Committee approves WiFi access points at county-owned social housing buildings

·2 min read

A County of Wellington social services staff recommendation for bringing WiFi access points to common areas of all county owned social housing buildings has committee approval.

The social services committee was told at a Wednesday meeting that staff are proposing an investment of 32 WiFi access points to 26 social housing buildings.

“The pandemic pushed most forms of communication and many of our community services into online platforms and with that shift, internet access equity is becoming more of an issue for our tenants,” said Mark Poste, director of housing.

“There are more potential barriers to reliable internet access in our community for sure but for the tenants in our social and affordable housing buildings, affordability can be the biggest barrier.”

Poste said the upfront cost is around $93,000 before taxes which would be covered using existing COVID-relief funding.

The annual operating costs would be around $28,000 added to the 2022 budget process.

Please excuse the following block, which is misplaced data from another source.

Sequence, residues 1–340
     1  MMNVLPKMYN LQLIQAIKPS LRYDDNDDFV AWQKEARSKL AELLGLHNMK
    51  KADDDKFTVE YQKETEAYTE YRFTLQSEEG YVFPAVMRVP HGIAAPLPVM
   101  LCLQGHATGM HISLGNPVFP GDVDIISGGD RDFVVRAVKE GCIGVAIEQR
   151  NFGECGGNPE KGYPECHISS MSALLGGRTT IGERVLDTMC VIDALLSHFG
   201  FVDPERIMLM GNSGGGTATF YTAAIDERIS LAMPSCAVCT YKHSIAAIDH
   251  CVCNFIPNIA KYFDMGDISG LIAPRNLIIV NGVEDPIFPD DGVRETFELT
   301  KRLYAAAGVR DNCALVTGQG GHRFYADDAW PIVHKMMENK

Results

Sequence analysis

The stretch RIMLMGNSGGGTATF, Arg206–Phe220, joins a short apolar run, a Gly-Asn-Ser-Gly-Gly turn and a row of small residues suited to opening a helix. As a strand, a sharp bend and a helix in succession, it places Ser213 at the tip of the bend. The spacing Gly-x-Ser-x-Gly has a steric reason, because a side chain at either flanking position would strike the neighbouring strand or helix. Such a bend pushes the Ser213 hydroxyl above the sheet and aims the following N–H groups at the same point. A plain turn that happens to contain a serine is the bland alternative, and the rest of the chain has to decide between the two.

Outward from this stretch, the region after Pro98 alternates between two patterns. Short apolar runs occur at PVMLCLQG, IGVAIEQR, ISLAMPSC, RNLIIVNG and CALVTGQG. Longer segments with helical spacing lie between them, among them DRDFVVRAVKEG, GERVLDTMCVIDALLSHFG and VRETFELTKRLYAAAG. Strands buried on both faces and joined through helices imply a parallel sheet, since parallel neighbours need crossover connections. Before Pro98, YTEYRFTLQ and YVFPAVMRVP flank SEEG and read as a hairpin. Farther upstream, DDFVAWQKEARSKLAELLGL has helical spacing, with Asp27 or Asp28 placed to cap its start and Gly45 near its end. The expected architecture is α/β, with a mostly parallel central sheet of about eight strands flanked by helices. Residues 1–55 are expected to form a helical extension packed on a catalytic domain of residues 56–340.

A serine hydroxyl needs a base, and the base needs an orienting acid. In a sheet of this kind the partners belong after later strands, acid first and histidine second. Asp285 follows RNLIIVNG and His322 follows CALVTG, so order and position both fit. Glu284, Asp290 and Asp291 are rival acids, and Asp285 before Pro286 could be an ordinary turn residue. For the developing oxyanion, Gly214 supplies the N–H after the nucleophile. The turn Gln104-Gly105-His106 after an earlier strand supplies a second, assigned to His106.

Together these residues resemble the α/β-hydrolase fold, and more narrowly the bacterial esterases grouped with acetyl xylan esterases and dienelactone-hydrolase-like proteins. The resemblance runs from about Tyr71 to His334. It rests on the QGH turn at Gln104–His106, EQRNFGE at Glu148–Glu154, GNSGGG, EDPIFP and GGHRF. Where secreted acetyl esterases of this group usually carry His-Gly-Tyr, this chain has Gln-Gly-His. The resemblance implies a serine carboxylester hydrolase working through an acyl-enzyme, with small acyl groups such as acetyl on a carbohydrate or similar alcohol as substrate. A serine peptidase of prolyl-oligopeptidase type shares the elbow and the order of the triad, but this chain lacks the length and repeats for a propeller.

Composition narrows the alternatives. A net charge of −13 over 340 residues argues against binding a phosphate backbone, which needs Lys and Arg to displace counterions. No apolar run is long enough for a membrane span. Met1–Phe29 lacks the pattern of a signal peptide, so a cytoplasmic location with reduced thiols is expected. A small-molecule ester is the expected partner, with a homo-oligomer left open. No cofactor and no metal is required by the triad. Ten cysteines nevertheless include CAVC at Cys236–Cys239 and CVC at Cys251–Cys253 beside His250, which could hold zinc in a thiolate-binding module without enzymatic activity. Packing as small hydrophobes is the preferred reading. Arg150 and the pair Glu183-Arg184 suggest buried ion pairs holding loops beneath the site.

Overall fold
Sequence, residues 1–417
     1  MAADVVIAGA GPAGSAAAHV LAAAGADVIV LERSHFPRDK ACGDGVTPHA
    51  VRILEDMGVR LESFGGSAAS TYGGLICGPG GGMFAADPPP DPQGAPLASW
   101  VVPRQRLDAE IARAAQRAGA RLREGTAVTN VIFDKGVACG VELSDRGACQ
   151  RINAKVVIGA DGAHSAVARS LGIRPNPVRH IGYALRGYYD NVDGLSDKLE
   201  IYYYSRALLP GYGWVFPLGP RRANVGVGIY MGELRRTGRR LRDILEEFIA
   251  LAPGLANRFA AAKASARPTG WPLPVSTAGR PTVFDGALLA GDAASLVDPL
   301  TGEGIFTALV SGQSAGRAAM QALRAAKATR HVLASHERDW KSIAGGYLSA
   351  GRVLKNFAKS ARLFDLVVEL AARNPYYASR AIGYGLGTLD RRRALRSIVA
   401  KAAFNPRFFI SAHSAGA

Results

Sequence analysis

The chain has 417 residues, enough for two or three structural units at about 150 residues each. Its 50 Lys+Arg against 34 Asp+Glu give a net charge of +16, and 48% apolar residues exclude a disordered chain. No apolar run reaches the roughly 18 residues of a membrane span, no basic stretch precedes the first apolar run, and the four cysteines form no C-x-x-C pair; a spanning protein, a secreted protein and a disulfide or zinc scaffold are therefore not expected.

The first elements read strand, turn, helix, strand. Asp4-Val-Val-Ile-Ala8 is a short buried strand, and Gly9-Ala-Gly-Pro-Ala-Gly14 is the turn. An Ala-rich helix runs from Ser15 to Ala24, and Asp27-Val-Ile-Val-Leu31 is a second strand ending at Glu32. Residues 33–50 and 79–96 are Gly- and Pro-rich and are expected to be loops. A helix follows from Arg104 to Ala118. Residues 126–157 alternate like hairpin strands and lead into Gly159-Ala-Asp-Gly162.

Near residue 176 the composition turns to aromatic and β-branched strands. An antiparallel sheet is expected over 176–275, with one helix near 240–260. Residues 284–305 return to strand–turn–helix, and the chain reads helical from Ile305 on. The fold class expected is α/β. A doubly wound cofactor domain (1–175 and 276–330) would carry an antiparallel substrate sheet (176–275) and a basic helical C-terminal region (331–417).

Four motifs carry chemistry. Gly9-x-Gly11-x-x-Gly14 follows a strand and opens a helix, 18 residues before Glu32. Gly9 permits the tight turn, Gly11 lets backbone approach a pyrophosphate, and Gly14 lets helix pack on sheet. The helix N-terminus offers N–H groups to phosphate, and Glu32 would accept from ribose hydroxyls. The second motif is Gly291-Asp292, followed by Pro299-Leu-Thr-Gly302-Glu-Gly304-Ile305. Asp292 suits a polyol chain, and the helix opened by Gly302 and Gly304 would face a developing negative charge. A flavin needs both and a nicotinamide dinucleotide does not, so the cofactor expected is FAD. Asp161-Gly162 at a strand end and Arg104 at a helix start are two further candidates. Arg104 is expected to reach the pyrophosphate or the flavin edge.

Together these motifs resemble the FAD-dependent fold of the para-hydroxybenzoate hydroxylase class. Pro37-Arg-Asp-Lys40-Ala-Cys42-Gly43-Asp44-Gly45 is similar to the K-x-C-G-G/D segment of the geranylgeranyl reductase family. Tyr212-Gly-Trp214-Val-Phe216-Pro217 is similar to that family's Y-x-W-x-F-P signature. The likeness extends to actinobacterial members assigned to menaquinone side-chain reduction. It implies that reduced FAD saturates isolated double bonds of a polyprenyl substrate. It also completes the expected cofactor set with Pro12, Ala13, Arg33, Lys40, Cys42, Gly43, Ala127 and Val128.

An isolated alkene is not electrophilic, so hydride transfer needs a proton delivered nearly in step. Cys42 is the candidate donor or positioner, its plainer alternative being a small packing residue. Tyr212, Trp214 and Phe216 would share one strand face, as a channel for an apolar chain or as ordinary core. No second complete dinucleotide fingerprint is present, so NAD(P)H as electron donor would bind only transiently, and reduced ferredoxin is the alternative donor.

Poste’s report states these access points would mainly be in buildings’ common rooms which would create a place for tenants to return emails, apply for services and support, download files, forms and videos and connect with family and friends.

Most of the included buildings are in Wellington County in Palmerston, Harriston, Mount Forest, Arthur, Fergus, Erin and Elora although nine Guelph buildings are listed. In total, Poste said it would serve 1,009 units.

Coun. Campbell Cork was in big support of this, calling internet access “like water and air.”

However, he asked Poste if he was aware how many social housing clients did not have internet access.

Poste said he did not have this information but stressed the importance of creating equitable internet access in social housing.

“We do know a number of clients are anecdotally going through buildings, trying to access WiFi that other people may be fortunate enough to be able to afford in the buildings,” Poste said.

“We know that a number of people struggle...it’s giving the access so people don’t have to move too far out of their comfort zone in order to get that full access.”

Coun. Steve O’Neill asked if it is feasible, because it is being funded through COVID-relief, to put more hubs throughout the buildings to avoid crowded common areas.

Poste replied this was the initial scope of the project but it is being set-up in a way that would potentially make it expandable.

The committee approved this to go forward to June’s county council meeting.

Keegan Kozolanka, Local Journalism Initiative Reporter, GuelphToday.com

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